Does monogamy matter?
Who's saying what
“The time has come to think about queering the state.”
In a seminal essay written in 1994, queer theorist Lisa Duggan argued that what was needed in gay and lesbian politics was not aspiring to meet the liberal demands of the “same,” but to transform the ways in which sexual minorities could have their relationships valued and recognised. For Duggan, a “queer” project is committed to challenging oppressive sexual norms (i.e. homophobia), while refusing to have the terms of “proper” intimacy dictated by the state.
So why bring this up now?
With the push towards marriage equality (of which I have written extensively in support of), there has been a troubling tendency to consider marriage as the most virtuous institution of intimacy.
Moreover, the arrival of Monogamous Gay Australia (MGA) has generated significant debate about the role of monogamy in the domain of coupledom. As MGA note on their Facebook page:
“Monogamous Gay Australia (MGA) is a not-for-profit, support group for gay, lesbian, bisexual and transgender individuals that celebrates and promotes monogamous, loving and faithful gay relationships. We encourage singles to take a stand, beyond one night and hold out for the one. We support new couples in getting to know each other before intimacy.”
Let’s begin by asking a couple of questions. Are “loving”, “faithful” and “monogamous” synonymous terms? Who is “the one”? How do you differentiate between “knowing” someone and being “intimate” with them?
Interestingly, monogamy comes to occupy the hallmark of our romantic aspirations, despite the fact we usually only talk about it when it fails.
Some couples get married. Some couples get divorced. Some couples live in de facto relationships. Some couples who are married do not live together. Some couples, married or otherwise, are in “open” or polyamorous relationships. Some people avoid romantic or sexual relationships altogether.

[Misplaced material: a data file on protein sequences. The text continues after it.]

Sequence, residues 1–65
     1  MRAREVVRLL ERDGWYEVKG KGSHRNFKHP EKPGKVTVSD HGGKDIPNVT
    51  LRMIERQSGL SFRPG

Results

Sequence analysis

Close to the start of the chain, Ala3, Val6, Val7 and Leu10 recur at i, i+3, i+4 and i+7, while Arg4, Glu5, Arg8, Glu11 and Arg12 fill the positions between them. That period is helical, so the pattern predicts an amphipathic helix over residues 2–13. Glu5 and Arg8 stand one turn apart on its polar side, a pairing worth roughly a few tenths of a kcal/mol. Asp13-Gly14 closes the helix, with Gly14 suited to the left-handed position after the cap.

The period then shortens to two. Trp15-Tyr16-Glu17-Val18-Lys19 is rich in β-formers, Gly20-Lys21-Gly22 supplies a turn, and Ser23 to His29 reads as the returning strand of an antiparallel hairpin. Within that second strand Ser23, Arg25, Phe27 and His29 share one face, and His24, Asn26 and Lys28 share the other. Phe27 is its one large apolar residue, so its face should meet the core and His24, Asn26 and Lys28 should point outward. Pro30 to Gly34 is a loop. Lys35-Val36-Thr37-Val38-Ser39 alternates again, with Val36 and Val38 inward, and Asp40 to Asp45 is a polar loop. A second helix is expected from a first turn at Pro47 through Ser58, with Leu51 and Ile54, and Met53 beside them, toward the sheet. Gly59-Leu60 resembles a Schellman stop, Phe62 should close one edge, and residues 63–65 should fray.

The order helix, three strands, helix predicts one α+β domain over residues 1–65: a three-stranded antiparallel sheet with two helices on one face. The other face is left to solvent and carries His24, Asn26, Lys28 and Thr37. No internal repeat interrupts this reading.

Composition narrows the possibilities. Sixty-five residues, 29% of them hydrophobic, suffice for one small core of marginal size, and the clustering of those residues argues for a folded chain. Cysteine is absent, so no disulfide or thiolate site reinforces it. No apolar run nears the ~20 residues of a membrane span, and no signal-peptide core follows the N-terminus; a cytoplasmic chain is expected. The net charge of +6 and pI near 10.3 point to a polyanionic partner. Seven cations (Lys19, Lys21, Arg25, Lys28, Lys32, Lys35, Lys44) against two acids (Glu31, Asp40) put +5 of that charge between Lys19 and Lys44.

Aside from being stylistically annoying, my repetitive use of the word “some” is deliberate to indicate that no fixed or universal standard exists to characterise intimate relationships.
Intimacy is a slippery thing. We can have profound emotional attachments to people we do not want to sleep with. We can have amazing sexual experiences with those we do not wish to be in a relationship with. Our intended one-night stand can end up being our life partner. Distinguishing between sexual, platonic, emotional, romantic intimacies in the pursuit of “getting to know” someone can be a futile exercise.
So how do we decide what form of intimacy to “hold out” on and when? Additionally, echoing the work of cultural theorist Lauren Berlant, what “love plot” do we subscribe to when mapping our intimate encounters?
According to MGA’s founder, Andy:
“Why do we have to buy into the whole scene thing? I’m no lipstick wearing drag queen, I don’t like shopping, but I do take forever in the bathroom to do my hair. Aren’t we all individuals who shouldn’t be typecast?”
Andy is right; no one should have to “buy” into the “scene” or be “typecast.” If we provisionally define a “scene” as a cultural space of belonging, who is to say there is only one? Given the disparate social positions of race, class, religion, identity, gender, age and so on, “gay scenes” can range from clubbing on Oxford Street to making Xena fan videos on YouTube.